Water Quality and Conservation
Why conserve our water?
Australians are one of the biggest consumers of water per capita in the world. Since 1997, Melbourne has seen reduced rainfall levels, with 2006-07 being a drought year of record proportions.
Melbourne’s households and businesses have reduced their water use considerably since the 1990’s, but there is still significant further ongoing commitment and action required by all of our community, whether it be government, business or residents, to ensure our water supplies are secure into the future.
What is Council doing?
The City of Greater Dandenong is a large consumer of water and as such, has a number of roles to play in the community.
- Reducing its own water consumption to ensure efficient use of its resources
- Setting a credible example to the local community
- Actively promoting the methods by which water can be conserved or safely re-used
A number of targets have been set through Council’s sustainable water use plan Towards a Water Smart City. This strategy has set a target for a 25 per cent reduction in drinking water use by 2018 from the 2004-05 to 2005-06 average baseline of 267 ML.
Council has used some innovative water management initiatives, including:
- Using recycled water from the Eastern Treatment Plant to water street trees around the city
- Reducing annual garden beds (which are water intensive and require daily watering) by 40 per cent during Summer
- Installing water efficient sprinklers
- Separately metering water consumption on all sports fields
- Increasing mowing heights of lawns to decrease lawn water use and stress
Council has also introduced drought tolerant grasses on 20 sports fields including Alex Nelson Reserve; Booth Reserve; Greaves Reserve; Mills Reserve; Noble Park Reserve; Police Paddocks and Shepley Oval. This initiative provides a saving up to 70 per cent of water used to irrigate ovals which have been converted.
Improving Water Quality
Every year, Melbournians make about 100 million recreational visits to our rivers, creeks and streams. Approximately one-in-three Melbournians live within one kilometre of a waterway. The over-allocation of water for human use and consumption, coupled with unsustainable land management, has resulted in serious degradation of waterway environments.
47 per cent of rivers and creeks in Melbourne Water's operating area are classified as being in poor or very poor condition. Ongoing problems include the loss of biodiversity, algal blooms, higher turbidity, the spread of aquatic weeds, bed and bank erosion and diminishing wetland environments.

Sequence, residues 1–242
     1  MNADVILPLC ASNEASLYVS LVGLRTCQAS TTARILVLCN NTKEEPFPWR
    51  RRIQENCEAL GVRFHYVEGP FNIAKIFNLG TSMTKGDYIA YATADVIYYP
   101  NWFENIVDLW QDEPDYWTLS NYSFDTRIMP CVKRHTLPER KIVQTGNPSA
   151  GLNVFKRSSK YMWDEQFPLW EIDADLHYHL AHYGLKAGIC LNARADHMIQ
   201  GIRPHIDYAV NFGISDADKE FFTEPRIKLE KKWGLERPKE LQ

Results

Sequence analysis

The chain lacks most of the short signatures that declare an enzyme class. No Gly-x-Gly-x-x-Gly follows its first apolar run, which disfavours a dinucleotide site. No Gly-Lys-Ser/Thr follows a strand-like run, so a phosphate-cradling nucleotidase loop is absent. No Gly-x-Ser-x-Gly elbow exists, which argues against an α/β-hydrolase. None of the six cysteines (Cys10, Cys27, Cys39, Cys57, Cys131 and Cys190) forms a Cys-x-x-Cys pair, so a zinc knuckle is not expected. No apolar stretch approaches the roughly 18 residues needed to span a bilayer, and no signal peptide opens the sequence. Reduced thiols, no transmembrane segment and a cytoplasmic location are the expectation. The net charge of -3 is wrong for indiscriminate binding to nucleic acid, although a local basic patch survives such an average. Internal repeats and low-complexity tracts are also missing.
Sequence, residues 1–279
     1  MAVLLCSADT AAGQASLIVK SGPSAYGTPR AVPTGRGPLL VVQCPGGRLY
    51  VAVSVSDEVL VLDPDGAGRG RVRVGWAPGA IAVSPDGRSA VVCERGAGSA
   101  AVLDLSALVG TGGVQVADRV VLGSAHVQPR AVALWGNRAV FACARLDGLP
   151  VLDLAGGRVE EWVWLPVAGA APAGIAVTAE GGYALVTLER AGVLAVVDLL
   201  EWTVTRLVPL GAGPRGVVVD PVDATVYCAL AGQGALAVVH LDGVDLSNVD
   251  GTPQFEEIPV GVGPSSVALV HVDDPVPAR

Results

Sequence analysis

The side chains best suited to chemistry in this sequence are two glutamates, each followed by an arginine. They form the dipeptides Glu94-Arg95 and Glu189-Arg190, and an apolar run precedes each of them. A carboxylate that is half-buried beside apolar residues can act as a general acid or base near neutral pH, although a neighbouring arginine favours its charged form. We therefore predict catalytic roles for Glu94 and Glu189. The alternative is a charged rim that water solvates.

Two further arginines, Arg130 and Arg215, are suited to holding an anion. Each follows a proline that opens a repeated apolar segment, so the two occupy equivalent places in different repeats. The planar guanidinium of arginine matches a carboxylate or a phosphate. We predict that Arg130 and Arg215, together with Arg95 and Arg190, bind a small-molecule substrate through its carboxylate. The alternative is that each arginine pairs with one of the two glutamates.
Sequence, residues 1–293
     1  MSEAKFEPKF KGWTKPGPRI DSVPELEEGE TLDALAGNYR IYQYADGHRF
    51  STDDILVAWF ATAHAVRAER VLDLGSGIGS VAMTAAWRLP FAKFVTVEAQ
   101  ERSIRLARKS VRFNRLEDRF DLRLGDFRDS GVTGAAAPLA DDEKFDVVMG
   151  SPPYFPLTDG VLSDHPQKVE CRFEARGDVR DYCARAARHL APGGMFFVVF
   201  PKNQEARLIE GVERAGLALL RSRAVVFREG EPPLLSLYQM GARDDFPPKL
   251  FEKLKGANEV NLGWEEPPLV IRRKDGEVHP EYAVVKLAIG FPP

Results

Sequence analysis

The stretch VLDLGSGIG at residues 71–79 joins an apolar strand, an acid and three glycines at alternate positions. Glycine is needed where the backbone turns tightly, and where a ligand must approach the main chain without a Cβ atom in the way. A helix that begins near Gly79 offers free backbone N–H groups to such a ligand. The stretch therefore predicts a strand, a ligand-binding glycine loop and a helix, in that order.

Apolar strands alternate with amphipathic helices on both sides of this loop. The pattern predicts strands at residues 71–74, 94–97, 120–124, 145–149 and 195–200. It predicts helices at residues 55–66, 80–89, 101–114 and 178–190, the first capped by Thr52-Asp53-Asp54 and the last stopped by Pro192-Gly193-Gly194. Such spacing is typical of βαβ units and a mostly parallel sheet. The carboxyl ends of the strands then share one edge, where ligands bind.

Three main watercourses that flow through the City of Greater Dandenong are Dandenong Creek, Mile Creek and Eumemmerring Creek. Yarraman Creek is also significant.
To contribute to improved water quality, Council has installed four gross pollutant traps to key stormwater drains across the city. These traps are preventing rubbish entering the creek system. Their locations are:
- Clow Street, Dandenong
- Kernot Court, Noble Park North
- Alamein Street, Noble Park
- Heatherton Road (Mile Creek), Noble Park
These litter traps collect 10,000kg of litter annually. The traps prevents items such as cigarette butts, syringes, rotting vegetables, plastic bags, bottles, vegetation and thousands of other items from entering our creeks and finding their way to Port Phillip Bay.
What you can do?
Water Saving Tips
www.savewater.com.au is Australia's leading source on water conservation. On their website you will find information on Melbourne's current water storage levels, as well as hundreds of tips on how you can save water in the home, garden, business or farm.
Protecting our Waterways
The Environmental Protectioin Agency (EPA) offers the following tips to help protect our waterways:
- Place your cigarette butts in the bin; don't drop them on the street
- Put your litter in a bin or take it home. All litter dropped on the street follows the same path; through the storm water system, to our beaches and creeks
- Compost or mulch leaves and grass clippings; don't leave them in the gutter. Check out our compost bins and worm farm page for information on getting started.
- Don't allow paint, turps or cleaners to enter drains. Check out our other waste and recycling options pages for information on how to dispose of these items
- Wash your car on grass or at the carwash. Don't allow detergents to enter the gutter
- Have building supplies delivered to your site. If left on the footpath, road or nature strip, the wind and rain will sweep pollutants into stormwater drains
- When cutting bricks and pavers, do it over grassed areas or a container that collects the sediment
- Report litterers